This morning I got my head around HypeDyn by working through the three tutorials they provide. The first tutorial is about building simple hypertext links, and it got me thinking about a text handling language I had on my very first computer, the little known Memotech MTX 500. I now realise his software, called Noddy, was somewhat ahead of its time. Indeed a contributor to the wiki page I link to above calls it a “forerunner” of HyperCard. I can’t say whether that’s true, but all it seems to have been missing was the point and click interface, that we’re all so used to since the Mac. As I worked through the first tutorial on HypeDyn, I was thinking how old fashioned this new software was. Still it is free.

The second tutorial didn’t improve matters much. Although it did introduce Anywhere Nodes, which were linked to every other node, it didn’t seem to offer a way of sculpting them very dynamically. Thankfully the third tutorial was all about sculptural hypertext, and I learned how to make the links conditional, not just on whether a node had been visited or not, but also on whether card independent flags (or “facts”) are true or false. I also learned how to make the text on each card more dynamic, again based on the reader’s node history or the state of definable facts.

It’s still pretty basic. It’s text only for example, it can’t serve pictures or video. But it will do to play with, and I’m going to have a hack at making an existing text more interactive. The text in question is the draft text for a proposed guidebook to the River Wey and Godalming Navigations – surely the National Trust’s longest bit of countryside at 20 miles long (and only a few metres wide in most places). We’ve already noticed that as pure text, it presupposes walking in only one direction along the towpath. Obviously people can start in more than one place and choose to walk either up-stream or downstream. So my first challenge will be to serve those users’ needs.

I mentioned last week that HypeDyn was designed as a tool for non-technical people, and by coincidence this afternoon, I heard about another one. I was chatting on Skype with the lovely people at Splash and Ripple about doing an evaluation of Ghosts in the Garden, which makes an eagerly anticipated return to the Holborne Museum, Bath, later this spring. They mentioned that the software that underpins the experience was made with App Furnace. The people behind App Furnace were, by coincidence squared, also in the team that put together the Riot! 1831 experience I wrote about yesterday. Like HypeDyn its a creative tool for non-technical types. It’s on-line and free to use, you only pay when you publish.  So it might be worth a play with. But only after I’ve got my head around HypeDyn…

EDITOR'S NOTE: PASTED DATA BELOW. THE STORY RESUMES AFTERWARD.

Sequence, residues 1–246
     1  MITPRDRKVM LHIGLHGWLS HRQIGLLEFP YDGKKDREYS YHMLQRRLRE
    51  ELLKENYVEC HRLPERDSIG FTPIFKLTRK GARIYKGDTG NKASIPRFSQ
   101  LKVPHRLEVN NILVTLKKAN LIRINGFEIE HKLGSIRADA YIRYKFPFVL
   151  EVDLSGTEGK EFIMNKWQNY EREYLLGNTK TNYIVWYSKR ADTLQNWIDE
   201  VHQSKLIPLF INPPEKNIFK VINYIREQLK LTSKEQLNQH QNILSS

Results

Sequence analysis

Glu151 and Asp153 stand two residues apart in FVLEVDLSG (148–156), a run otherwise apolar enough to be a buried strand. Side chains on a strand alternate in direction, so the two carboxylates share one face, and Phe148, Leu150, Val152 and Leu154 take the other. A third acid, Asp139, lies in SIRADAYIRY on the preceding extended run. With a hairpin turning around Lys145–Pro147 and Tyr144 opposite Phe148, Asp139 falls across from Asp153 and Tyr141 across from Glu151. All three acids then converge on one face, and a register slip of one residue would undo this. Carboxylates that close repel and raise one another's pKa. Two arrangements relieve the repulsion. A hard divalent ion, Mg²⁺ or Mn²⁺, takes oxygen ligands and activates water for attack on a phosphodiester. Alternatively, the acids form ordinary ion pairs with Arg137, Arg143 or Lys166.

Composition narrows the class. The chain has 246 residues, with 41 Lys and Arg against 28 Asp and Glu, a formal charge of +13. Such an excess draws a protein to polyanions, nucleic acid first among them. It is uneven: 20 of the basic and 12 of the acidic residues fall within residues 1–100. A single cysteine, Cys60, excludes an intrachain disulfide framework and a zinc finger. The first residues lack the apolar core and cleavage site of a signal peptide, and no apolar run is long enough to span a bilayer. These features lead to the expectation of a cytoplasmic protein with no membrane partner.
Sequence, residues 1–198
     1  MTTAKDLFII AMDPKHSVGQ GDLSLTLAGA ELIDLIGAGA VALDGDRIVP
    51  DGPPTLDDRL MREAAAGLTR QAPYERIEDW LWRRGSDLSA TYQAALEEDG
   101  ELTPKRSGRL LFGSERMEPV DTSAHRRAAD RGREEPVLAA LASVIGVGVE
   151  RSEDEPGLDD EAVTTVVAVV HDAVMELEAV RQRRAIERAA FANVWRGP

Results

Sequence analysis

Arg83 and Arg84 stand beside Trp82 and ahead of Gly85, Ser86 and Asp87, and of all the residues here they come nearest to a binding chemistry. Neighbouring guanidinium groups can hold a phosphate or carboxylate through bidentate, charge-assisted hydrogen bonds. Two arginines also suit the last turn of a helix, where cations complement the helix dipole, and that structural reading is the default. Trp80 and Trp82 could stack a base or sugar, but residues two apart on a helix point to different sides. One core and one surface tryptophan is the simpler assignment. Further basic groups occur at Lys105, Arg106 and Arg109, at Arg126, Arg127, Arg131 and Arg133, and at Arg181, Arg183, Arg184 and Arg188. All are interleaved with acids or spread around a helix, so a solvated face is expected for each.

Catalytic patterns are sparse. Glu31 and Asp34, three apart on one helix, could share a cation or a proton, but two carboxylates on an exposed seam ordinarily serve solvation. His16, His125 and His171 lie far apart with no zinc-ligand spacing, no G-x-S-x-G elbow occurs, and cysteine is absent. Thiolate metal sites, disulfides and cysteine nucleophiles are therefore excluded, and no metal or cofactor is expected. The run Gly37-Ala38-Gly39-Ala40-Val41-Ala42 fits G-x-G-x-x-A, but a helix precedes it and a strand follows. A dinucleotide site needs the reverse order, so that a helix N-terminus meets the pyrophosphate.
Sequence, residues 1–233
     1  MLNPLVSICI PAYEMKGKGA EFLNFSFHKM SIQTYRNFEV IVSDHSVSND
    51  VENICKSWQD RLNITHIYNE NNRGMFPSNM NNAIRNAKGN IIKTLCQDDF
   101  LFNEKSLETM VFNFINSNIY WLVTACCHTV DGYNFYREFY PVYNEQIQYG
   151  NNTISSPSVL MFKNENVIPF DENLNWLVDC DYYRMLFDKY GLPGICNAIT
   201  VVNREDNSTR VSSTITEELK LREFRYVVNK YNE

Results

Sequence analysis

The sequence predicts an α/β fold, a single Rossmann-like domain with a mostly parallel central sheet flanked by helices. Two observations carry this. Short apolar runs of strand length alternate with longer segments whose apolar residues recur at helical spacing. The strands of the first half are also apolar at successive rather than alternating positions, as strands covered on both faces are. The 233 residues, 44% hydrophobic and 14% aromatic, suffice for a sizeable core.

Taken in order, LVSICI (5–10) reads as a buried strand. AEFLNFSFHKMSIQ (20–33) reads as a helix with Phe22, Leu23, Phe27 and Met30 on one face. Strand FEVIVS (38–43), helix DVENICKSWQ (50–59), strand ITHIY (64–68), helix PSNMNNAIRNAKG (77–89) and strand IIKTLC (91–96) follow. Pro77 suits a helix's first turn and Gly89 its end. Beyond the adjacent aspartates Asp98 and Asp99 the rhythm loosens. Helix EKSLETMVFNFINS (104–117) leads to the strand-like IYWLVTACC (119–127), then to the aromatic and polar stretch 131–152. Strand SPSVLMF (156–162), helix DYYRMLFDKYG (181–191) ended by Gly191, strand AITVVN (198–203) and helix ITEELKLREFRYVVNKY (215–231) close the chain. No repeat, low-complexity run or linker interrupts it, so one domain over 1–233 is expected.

And so to Picadilly, where this evening I went to celebrate the launch of The Tudor Child, a book (and for the next three weeks, an exhibition at the Weiss Gallery) which explores the place of the child in Tudor society, through the clothes they wore.


A child's mannequin in Tudor dress

Childish enthusiasm and Sculptural Hypertext

I gave my first seminar yesterday, talking about how I come to begin the PhD. It seemed to go pretty well, and was recorded for posterity, so when it appears online, I’ll post a link to it.

But before the seminar I spoke at a workshop examining Digital Narratives, and was impressed and excited by all the other speakers. One in particular got my childish enthusiasm all fired up though. David Millard, of the university’s Electronics and Computer Science department, spoke about “strange” and “sculptural hypertext.”

Hypertext is of course the basis of the World Wide Web. But the last time I did anything with it was when I was using Hypercard to prototype museum interactives for my degree. What makes hypertext “sculptural” is the idea that instead of authoring links between individual cards, all the “cards” are linked to all the others to begin with, and you cut away links to get to what you want. (This may be massive oversimplification, or I might have got hold of the wrong end of the stick entirely – if so forgive me, I only learned about it yesterday.)

This cutting away can be done dynamically, so for example, links might not be evident until you are in the right place geographically, or until you’ve read a particular “card”, or until the right time of day.

The more David explained, the more I thought “this sounds like the real world equivalent (actually not quite real world – I need to think about which of Pine’s “eight realms” it is) of the algorithm behind the likes of Red Dead Redemption”. Which is, I think, exactly what I’m looking for right now.

So, this morning, my childish enthusiasm got the better of me, and I’ve been on-line looking for a free Hypertext authoring tool that I might be able to get my head around to give it a go. I’ve just downloaded HypeDyn (pronounced Hyped-in) which seems an easy enough authoring tool to start with.  Its produced by my my wife’s old Alma Mater (or one of them) the National University of Singapore, who say “Much of our focus is on end-user technologies for people who may not be technically inclined, but who want to use the power of computation to build and explore things,” which sounds just like me. It’s very latest development version includes location tools and a way or publishing to HTML5 which can be used on any mobile phone. So it could be used to prototype a pretty sophisticated location based narrative. I’m going to start on a more stable version though.